At its very simplest, DevOps is the idea that you should be continually improving your process to reduce effort, speed up work, and eliminate errors.
Perhaps it’s already obvious, but there are a lot of similarities between building software and configuring business systems. Whether you’re writing code or using a no-code interface, you’re still manipulating software. You’re still reconfiguring it. The same potential for human error applies, as do all the issues that arise when someone builds something that someone else has to figure out and maintain.
Plus, as business systems start to offer command-line interfaces that let you write code to update configurations, the two fields are really starting to blur.
All this creates challenges for business systems managers:
Just as DevOps systematized code releases in software development, it can systematize configuration changes and feature releases in business systems. Around 2016, business systems administrators began borrowing DevOps practices, and that brings us up to the present.
There’s no one authoritative list of all DevOps practices, and to claim to create one might come across as dishonest. But for the sake of clarity, we’ve gone ahead and gathered some common examples, and just know that every situation is different.
Practicing DevOps in business systems usually means:
To do this, you’ll of course need tools, many of which do things the underlying business systems can’t do for themselves. In some cases, these tools provide functionality that native frameworks like Salesforce Developer Experience (SFDX) or NetSuite’s SuiteCloud Development Framework (SDF) weren’t built to do. For example, SFDX doesn’t currently allow you to test and promote changes to its configure, price, quote (CPQ) tool. But configuration management tools like Salto, which plug into SFDX and expand upon its capabilities, can.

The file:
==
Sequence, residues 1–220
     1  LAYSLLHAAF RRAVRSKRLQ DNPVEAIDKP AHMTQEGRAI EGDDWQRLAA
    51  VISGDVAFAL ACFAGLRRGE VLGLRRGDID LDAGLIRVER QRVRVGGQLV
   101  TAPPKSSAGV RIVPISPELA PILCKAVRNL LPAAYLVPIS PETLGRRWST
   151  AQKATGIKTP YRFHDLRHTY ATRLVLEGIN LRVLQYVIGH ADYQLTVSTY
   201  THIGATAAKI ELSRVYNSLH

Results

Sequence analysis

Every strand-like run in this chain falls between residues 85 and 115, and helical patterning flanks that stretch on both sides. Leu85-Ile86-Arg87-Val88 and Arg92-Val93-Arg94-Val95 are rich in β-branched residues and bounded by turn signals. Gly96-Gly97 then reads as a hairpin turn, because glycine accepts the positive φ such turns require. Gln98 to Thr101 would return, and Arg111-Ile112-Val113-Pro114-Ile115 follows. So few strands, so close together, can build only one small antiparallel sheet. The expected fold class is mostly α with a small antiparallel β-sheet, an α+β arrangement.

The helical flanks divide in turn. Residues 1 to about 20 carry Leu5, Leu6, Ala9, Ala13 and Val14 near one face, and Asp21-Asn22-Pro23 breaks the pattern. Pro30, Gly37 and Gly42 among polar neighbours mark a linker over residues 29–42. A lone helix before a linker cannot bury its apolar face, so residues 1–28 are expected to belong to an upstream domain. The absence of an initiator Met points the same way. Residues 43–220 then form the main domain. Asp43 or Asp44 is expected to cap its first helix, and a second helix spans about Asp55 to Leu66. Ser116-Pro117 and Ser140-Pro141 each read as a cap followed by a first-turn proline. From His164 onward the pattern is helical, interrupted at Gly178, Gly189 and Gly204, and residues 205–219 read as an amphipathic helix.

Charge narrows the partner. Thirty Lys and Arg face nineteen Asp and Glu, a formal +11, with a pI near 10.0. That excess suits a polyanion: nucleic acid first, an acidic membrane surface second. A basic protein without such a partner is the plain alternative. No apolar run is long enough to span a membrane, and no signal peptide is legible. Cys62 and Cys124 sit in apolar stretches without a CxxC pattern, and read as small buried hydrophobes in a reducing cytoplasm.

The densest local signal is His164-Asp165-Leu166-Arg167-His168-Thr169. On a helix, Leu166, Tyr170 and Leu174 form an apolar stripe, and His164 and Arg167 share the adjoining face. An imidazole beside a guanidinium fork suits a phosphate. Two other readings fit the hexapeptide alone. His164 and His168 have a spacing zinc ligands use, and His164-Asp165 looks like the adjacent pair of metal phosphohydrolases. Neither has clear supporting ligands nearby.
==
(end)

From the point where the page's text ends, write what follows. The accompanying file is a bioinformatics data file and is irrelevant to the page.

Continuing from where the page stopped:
In other cases, “DevOps for business systems” tools are limited by the underlying business application’s architecture. For example, because most business systems don’t have a clear “undo configuration change” function, there’s simply no way to roll back newly deployed configurations, with or without a DevOps tool.
Thus, practicing DevOps in business systems begins with understanding your business systems and their limitations, and assembling the tools you need to accomplish most of the “practicing DevOps” list above.
Tools you’ll need
There are lots of great tools today that didn’t exist three years ago. With just Salesforce alone, the funding marketing for Salesforce DevOps solutions was $39 million in 2020 and it sextupled to $276 million in 2021. (And that’s just Salesforce, which is just one of many CRMs.)
Today’s DevOps tools include:
1. A “developer mode” feature to turn your configuration into code
Most business systems have a developer mode (SFDX, SDF, etc.) that allows you to view your configuration in XML, which is, admittedly, not pretty. (A tool like Salto turns that into human-readable code that anyone can understand without training.)
2. A source control tool to store and manipulate that code
If you can export (or better yet, sync) your configuration code to a source control system, it unlocks most of the powers of DevOps. Think of this tool as a time machine for text files. It lets you search all your configurations across the entire code base like “CTRL+F” In a Word doc. You can find and replace things. You can see metadata that you cannot otherwise see in the interface. You can plug things into your source control system to automate pieces of your job, and see who changed what. And you can collaborate on changes with others.
A source control tool:
3. A business engineering platform (like Salto) to reintegrate changes